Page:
Air Date: Week of November 28, 1997
President Clinton says the climate change treaty that his administration expects to negotiate in Kyoto will prove to be pain-free for America's collective pocketbook. But, John Shanahan doesn't believe it. The numbers, he says, just don't add up. Commentator John Shanahan is director of legislation and policy for the American Legislative Exchange Council.
CURWOOD: President Clinton says the climate change treaty his administration expects to negotiate in Kyoto will prove to be pain-free for America's collective pocketbook. But commentator John Shanahan doesn't believe it. The numbers, he says, just don't add up.
SHANAHAN: In his major global warming address in October, the President said that, quote, "protecting the climate will yield not costs, but profits," unquote. But if cutting carbon emissions would boost world economies, why is a binding treaty necessary? Countries would leap at the chance to reduce greenhouse gases on their own and make a buck, mark, or yen in the process. Of course they won't, because as a number of studies demonstrate, this treaty will not be the economic boon the President hopes it will be. In fact, they anticipate the job losses in this country would be significant. One study commissioned by the government's own Department of Energy predicts that half of all steel workers will lose their jobs.
Another study by the economic modeling firm WEFA examines the plan President Clinton now endorses, but comes to a radically different conclusion. It foresees economic losses in every state, with energy-intensive states like Texas and Louisiana suffering the most. The same study also found gasoline prices rising nearly 50 cents a gallon, and electricity rates hiked by as much as 55%. In all, the WEFA study predicts the climate change treaty will cost the average American household up to $2,000 a year.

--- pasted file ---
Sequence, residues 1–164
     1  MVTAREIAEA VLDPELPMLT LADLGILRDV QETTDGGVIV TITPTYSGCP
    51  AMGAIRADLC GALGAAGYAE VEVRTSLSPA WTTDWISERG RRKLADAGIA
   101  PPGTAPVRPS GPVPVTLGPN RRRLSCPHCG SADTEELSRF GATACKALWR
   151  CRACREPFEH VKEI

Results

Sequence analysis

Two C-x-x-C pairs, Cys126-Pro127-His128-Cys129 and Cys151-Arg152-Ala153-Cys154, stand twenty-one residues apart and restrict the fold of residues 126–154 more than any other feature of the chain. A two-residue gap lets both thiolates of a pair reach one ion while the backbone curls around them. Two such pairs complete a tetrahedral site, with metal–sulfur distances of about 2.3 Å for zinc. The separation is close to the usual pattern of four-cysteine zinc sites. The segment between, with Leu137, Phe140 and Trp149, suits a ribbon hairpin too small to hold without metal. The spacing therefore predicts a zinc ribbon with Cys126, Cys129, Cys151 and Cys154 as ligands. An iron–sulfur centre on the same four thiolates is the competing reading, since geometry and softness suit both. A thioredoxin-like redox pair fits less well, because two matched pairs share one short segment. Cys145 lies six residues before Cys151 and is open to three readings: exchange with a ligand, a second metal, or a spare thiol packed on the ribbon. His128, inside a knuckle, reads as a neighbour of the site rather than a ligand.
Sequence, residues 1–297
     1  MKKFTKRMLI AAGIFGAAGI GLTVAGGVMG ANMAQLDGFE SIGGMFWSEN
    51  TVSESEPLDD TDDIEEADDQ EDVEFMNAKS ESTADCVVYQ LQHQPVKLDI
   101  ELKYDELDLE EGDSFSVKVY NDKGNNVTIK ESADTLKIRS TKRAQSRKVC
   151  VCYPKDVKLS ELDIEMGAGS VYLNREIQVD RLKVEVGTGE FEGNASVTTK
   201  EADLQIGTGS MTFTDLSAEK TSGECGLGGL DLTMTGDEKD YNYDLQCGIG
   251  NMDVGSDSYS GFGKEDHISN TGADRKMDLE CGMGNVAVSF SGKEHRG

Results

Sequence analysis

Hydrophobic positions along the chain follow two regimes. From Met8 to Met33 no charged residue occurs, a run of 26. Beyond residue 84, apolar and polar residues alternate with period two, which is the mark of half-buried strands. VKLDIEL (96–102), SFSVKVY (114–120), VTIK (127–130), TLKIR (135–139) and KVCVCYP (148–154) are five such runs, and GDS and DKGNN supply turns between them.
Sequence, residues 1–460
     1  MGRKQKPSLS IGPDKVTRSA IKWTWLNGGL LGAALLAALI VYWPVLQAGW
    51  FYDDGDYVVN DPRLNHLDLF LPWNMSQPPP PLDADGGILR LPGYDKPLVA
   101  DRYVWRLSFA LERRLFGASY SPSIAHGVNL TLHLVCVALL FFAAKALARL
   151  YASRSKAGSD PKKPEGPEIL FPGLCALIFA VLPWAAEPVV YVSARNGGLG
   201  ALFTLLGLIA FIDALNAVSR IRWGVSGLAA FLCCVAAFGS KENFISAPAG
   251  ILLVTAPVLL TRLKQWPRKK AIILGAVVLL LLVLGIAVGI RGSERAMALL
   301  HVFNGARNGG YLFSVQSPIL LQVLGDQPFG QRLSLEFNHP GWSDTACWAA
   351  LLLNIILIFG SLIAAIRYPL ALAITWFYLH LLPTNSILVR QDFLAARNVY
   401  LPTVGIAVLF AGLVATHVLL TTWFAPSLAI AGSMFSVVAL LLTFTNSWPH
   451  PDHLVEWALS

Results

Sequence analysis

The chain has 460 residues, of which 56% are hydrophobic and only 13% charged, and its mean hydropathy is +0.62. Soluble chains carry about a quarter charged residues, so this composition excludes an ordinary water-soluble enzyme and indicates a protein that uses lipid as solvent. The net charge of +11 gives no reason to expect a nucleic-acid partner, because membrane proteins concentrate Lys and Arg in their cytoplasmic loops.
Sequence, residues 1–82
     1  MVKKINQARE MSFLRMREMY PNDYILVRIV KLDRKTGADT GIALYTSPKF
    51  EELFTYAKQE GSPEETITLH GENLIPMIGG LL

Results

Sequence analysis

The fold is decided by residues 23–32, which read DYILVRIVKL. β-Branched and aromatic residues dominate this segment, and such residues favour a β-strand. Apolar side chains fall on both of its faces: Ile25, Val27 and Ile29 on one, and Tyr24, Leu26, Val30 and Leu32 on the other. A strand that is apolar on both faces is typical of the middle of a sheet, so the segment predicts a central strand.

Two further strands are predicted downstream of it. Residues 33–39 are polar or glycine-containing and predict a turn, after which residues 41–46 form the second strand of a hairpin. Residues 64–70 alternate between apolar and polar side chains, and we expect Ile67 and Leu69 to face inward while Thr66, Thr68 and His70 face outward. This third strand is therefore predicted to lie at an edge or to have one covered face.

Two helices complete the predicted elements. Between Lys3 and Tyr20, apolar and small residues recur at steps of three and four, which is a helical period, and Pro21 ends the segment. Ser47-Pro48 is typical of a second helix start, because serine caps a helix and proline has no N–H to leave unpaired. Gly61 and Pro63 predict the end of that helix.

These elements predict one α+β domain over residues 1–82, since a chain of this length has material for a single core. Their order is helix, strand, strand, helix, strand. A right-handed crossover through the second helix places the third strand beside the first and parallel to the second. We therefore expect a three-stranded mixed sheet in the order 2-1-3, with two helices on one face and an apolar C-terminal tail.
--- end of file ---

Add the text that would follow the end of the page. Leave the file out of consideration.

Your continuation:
If the science supported theories of certain catastrophe, I would quickly reverse my position and embrace carbon emission controls. A ruined world economy is better than a ruined world. But that isn't the situation. There is no consensus over whether we're causing warming. The science is so unsettled that nearly 100 climate scientists last year signed a statement known as the Leipzig Declaration, urging a go slow approach in making commitments to reduce greenhouse gas emissions. That's the intelligent course to follow. If the danger is real, delaying the treaty a few years may mean we must tighten our belts more quickly down the road. But if the danger is not real, we will save our children from the economic damage we would inflict upon them by signing the treaty in Kyoto.
CURWOOD: Commentator John Shanahan is Director of Legislation and Policy for the American Legislative Exchange Council.
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